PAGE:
I thought we'd have more time. Boy, was I wrong.
During primary school in the 1980s, I first learned about greenhouse gasses and global warming. I knew what was happening and why, but it felt like we had 100+ years to figure things out. Perhaps I believed the adults would deal with the problem before I grew up.
Now here I am - middle aged - and the generation that first taught me about global warming has done nothing to solve it, and are unlikely to experience any of its effects. Of course, my generation has also had a voice for 30 years and failed to use it.
The reasons are many, but the primary driver behind individual apathy is the assumption climate change was an issue for the future. Over the past several years, a growing number of people have learned this is OUR problem to solve.
Unfortunately, along with this realization came the knowledge that - given entrenched systems, greed and apathy - the climate quagmire is inextricable, and is happening much faster than expected.
Humanity has received a terminal diagnosis and millions of people around the world are first learning of this.
How long do we have, nobody knows. The best we can hope is to muddle through the crises that await us - breadbasket failure, coastal flooding, heat deaths, fascism, genocide, war. This time next century, the global population could be under 1 billion. The transition - already underway - to get there will be terrifying.
Perhaps we slowly grind our way down to a more sustainable population over decades. Or maybe the planet slams into a wall that triggers a rapid phase transition to a completely foreign climatic state.
We simply don't know how much time we have left.
Dealing with grief
The 'collapse-aware' have similarly received a terminal diagnosis - for themselves, their loved ones and humanity. Kübler-Ross's model applies directly to what people feel after learning of our pending collapse.
These stages are not linear and may not be experienced by everyone in the same way or order:
- Denial: This is often the first reaction. The person may struggle to believe the diagnosis is true. Denial is a defense mechanism that softens the initial impact, allows time to absorb the news, and start to process the reality of the situation.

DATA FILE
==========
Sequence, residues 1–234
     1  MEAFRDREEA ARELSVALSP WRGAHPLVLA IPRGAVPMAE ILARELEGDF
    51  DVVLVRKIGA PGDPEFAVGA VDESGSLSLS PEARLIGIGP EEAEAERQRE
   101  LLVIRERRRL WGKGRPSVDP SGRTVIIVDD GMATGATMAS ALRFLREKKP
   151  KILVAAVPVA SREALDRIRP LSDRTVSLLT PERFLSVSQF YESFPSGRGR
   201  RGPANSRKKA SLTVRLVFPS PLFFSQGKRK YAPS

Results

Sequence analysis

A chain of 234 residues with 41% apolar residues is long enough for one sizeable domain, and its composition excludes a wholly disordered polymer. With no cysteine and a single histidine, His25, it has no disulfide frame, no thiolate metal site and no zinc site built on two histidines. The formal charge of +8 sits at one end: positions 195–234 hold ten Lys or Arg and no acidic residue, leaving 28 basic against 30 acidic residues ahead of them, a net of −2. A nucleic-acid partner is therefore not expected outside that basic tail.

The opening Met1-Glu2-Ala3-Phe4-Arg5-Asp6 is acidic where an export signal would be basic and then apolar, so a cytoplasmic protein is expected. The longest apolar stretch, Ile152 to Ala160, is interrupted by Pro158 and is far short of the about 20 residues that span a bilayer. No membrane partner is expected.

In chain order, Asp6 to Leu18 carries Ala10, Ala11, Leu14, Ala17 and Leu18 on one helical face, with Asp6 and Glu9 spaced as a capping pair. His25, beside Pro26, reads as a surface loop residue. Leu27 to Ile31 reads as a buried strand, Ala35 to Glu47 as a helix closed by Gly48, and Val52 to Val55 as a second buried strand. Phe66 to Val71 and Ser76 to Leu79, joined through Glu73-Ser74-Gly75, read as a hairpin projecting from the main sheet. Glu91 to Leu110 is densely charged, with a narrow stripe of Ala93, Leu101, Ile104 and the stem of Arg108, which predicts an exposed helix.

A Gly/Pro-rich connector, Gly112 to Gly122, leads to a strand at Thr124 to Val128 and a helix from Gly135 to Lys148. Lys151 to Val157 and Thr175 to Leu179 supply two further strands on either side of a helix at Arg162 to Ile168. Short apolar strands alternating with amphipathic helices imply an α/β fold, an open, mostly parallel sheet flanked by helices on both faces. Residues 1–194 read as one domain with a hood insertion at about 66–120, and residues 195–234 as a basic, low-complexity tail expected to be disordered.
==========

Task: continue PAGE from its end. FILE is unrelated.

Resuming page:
- Anger: As the reality of the situation sets in, feelings of frustration and helplessness may surface. The individual may direct anger towards themselves, loved ones, authorities, or a higher power. Anger can stem from a sense of unfairness.
- Bargaining: In this stage, individuals may mentally negotiate with themselves or a higher power. They might make promises or deals in hopes of changing their prognosis. This stage often involves a lot of "what if" and "if only" statements, reflecting on past decisions and wishing for a different outcome.
- Depression: This stage involves the realization of the inevitable. The individual might withdraw from others, experience deep sadness, and feel a sense of hopelessness or despair. It’s a natural and appropriate response, signifying the true processing of the situation.
- Acceptance: This is not necessarily a stage of being okay with the situation, but rather accepting its reality. The person may start to come to terms with their mortality, engage in meaningful conversations, settle affairs, and try to make the most of their remaining time.
Making the most of our remaining time
In the 1960s Martin Seligman and Steven F. Maier ran barbaric experiments to illustrate the concept of "learned helplessness". They placed dogs in cages and generated an electrical current in the floor. Upon initial shock, the dogs would react to avoid the negative stimulus. For a portion of the dogs the shocks were inescapable. Once those dogs learned they couldn't avoid the shocks they stopped moving, accepting their fate.
The collapse-aware are experiencing their own form of learned helplessness. The system is too big to change, and those with the power to influence the system are its benefactors. They will never destroy what provided them their power.
Individuals can change things if we act collectively, but the organization of the masses is beyond reach. For now. Business as usual is satisfactory, so few are motivated to make trouble. Perhaps there will be a tipping point as there was for other societal issues (e.g. gay marriage), but for now the collapse-aware watch from the sidelines.
Digesting the finality of human life, acceptance is the new default for most who have pushed through the various stages of grief. But that doesn't have to mean we simply lay down and wait to die. In acceptance that life is finite each of us can serve a more meaningful purpose.